Masters Gallery 2011
What is 802 Ronald Hall The 802.11g is one of the standards defined by IEEE Standards Committee for wireless local area networks (WLAN). Commonly known as WiFi, it is a specification that offers wireless transmission over relatively short distances of up to 54 megabits per second (Mbps). It replaced the original WiFi, standard, 802.11b, which only allows speeds up to 11 Mbps. Using the same bands as the 802.11b, the new WiFi specification operates at unregulated radio frequencies between 2.400 GHz and 2.4835 GHz. However, the newer version uses the orthogonal frequency division multiplexing (OFDM) used in the costlier 802.11a standard wherein a large number of closely spaced orthogonal sub carriers are used to carry data for higher data speed. Systems with 802.11g access points are backwards compatible with 802.11b network adapters, and the latter can be made compliant to the newer standard through a firmware upgrade. As 802.11g operates in the unregulated frequencies, 802.11b devices suffer interference from other products operating in the 2.4 GHz band, such as microwave ovens, Bluetooth devices, baby monitors and cordless telephones. COMPARING WIFI STANDARDSThe 802.11a standard has fast throughput and data speed and it doesn TMt get as much interference as the other protocols as it operates in a regulated frequency. This standard didn TMt catch the fancy of vendors and buyers as it is costlier to implement and the higher frequency means a shorter range signal that can be obstructed by walls. This protocol is currently in use in business networks. The 802.11g standard combines the good traits of 802.11a and 802.11b: high throughput and actual data brian hartline white jersey speeds and longer range signal that can penetrate walls (though subject to interference).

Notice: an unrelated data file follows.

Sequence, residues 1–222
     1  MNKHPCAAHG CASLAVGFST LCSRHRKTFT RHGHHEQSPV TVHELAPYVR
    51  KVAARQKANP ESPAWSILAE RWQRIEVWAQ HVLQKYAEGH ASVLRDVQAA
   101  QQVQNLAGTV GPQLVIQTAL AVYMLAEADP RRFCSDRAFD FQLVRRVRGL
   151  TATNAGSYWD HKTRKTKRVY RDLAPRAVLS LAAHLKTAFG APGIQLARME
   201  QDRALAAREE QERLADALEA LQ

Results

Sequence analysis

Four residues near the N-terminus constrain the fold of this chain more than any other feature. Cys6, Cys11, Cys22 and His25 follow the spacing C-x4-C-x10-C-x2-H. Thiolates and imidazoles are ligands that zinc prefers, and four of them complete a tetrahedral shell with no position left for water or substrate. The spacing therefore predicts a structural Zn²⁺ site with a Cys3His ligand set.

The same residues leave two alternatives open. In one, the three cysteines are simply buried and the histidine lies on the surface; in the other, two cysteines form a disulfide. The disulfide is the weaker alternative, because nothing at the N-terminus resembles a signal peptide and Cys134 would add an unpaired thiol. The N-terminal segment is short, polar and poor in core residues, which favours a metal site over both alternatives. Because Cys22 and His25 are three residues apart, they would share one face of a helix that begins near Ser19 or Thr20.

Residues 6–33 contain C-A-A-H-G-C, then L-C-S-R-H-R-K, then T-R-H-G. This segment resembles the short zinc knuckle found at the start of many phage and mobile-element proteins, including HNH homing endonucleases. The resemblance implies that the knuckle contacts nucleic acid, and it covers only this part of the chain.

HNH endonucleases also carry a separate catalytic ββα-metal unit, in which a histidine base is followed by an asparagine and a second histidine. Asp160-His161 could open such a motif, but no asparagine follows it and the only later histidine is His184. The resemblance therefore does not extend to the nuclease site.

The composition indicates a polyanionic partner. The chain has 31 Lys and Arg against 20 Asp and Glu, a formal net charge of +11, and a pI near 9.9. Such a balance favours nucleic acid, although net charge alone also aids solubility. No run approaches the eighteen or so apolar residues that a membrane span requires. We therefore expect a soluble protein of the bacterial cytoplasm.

often have along oneedge. What follows is a description and illustration of how thebalance beam should be constructed: The center hole should be exactly in the center so that when thebeam is supported by a nail through this center hole, it will spinaround freely. The two end holes should be in line with the centerhole and equidistant on each side. Two other holes should be drilledon a line directly above the center hole. The hole size is notcritical, about 1/8 of an inch is fine. (We sincerely hope it willnot be too difficult for you to accomplish this. We fooled aroundwith metal hangers, etc. but nothing simple seemed to work as well asa carefully prepared stick.) It will be necessary to poke holes in the portion cups. Should youdo this in advance or can your students do it? A small nail workswell for this purpose. Probably time could be saved in class if thenecessary strings were cut to length in advance (and perhaps eventied to the cups). You shouldbuild one prototype Weight Scale in advance so you can work